In reviewing the state of food transparency, we’ve seen everything from turkeys pumped plump with free glutamate to kidney cells coated with human tongue receptors, hooked up to a matrix at Senomyx, decanting the global market’s next great stealth flavor permutations.
It’s an unsettling world of trick labels, opaque chemical equations, masquerading ingredients and vaguely familiar frankenflavors. It’s also what we consume: often willingly, often despite our best efforts to eat healthfully and ethically.
In most of these stories, the missing player has been the U.S. Food and Drug Administration. Whether hapless bystander or hostage to legislation cooked to the tastes of lobbyists, the FDA seems to have little practical influence, regulatory or moral.
Nevertheless, the FDA does believe it’s playing a critical role. Here’s what its Web site has to say about its labeling rules, its successes, and the parade of food technology that it happily watches march by:
“Today, consumers demand and enjoy a food supply that is flavorful, nutritious, safe, convenient, colorful and affordable. Food additives and advances in technology help make that possible . . . Still, some consumers have concerns about additives because they may see the long, unfamiliar names and think of them as complex chemical compounds. In fact, every food we eat — whether a just-picked strawberry or a homemade cookie — is made up of chemical compounds that determine flavor, color, texture and nutrient value. All food additives are carefully regulated by federal authorities and various international organizations to ensure that foods are safe to eat and are accurately labeled.”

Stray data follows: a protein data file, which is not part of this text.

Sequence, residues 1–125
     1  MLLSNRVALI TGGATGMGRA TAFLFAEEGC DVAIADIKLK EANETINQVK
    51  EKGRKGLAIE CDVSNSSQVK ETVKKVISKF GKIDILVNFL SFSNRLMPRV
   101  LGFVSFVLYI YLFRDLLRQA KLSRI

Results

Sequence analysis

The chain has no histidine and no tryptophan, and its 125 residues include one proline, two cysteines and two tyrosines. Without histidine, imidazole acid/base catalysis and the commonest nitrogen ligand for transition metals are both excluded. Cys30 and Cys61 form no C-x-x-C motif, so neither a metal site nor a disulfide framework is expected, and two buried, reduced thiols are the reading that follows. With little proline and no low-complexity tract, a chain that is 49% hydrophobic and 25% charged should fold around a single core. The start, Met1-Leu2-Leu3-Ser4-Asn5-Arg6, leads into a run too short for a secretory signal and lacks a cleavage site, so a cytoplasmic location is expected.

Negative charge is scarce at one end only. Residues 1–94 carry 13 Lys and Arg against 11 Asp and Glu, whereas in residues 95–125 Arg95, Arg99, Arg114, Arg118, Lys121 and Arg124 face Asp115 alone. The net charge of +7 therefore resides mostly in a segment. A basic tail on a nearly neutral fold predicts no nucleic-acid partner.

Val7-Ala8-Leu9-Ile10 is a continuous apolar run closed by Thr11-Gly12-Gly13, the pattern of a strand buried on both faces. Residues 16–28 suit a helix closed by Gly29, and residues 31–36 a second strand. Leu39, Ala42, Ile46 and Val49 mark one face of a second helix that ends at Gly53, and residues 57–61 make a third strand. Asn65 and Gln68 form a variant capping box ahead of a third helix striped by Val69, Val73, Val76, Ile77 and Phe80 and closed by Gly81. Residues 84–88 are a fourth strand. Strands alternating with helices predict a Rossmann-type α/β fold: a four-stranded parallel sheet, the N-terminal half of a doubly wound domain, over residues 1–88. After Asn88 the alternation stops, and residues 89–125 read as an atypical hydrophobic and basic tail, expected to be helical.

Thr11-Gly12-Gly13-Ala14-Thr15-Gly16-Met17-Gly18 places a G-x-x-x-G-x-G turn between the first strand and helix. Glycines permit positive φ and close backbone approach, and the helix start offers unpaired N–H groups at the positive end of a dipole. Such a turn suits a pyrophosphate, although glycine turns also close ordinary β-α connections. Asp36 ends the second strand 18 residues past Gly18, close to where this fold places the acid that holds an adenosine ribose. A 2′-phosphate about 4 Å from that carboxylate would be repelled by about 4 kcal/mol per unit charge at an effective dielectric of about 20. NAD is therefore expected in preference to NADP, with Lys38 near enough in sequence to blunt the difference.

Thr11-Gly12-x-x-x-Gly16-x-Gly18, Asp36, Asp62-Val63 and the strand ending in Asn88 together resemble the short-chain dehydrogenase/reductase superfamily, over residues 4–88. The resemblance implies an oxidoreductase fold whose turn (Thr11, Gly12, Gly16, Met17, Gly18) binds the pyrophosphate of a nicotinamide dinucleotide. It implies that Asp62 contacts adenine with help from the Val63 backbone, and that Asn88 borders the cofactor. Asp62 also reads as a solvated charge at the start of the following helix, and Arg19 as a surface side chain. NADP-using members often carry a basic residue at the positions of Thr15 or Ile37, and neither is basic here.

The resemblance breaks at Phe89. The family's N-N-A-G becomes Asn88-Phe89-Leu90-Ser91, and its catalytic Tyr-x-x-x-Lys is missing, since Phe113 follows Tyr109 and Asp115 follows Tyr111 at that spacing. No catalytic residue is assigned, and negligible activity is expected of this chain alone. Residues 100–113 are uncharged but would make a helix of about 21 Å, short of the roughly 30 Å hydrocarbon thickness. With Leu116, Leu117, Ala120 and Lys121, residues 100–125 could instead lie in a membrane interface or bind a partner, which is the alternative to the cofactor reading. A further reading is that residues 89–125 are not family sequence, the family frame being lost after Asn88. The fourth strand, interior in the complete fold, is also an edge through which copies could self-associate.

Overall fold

Sounds pretty reassuring. Let’s hear more: “Without color additives, colas wouldn’t be brown, margarine wouldn’t be yellow and mint ice cream wouldn’t be green. Color additives are now recognized as an important part of practically all processed foods we eat.”
OK, let’s agree that life without chemically colored mint might be oppressive. At least the FDA has a handle on all of these added substances, right?
“Because of inherent limitations of science, FDA can never be absolutely certain of the absence of any risk from the use of any substance. Therefore, FDA must determine — based on the best science available — if there is a reasonable certainty of no harm to consumers when an additive is used as proposed.”
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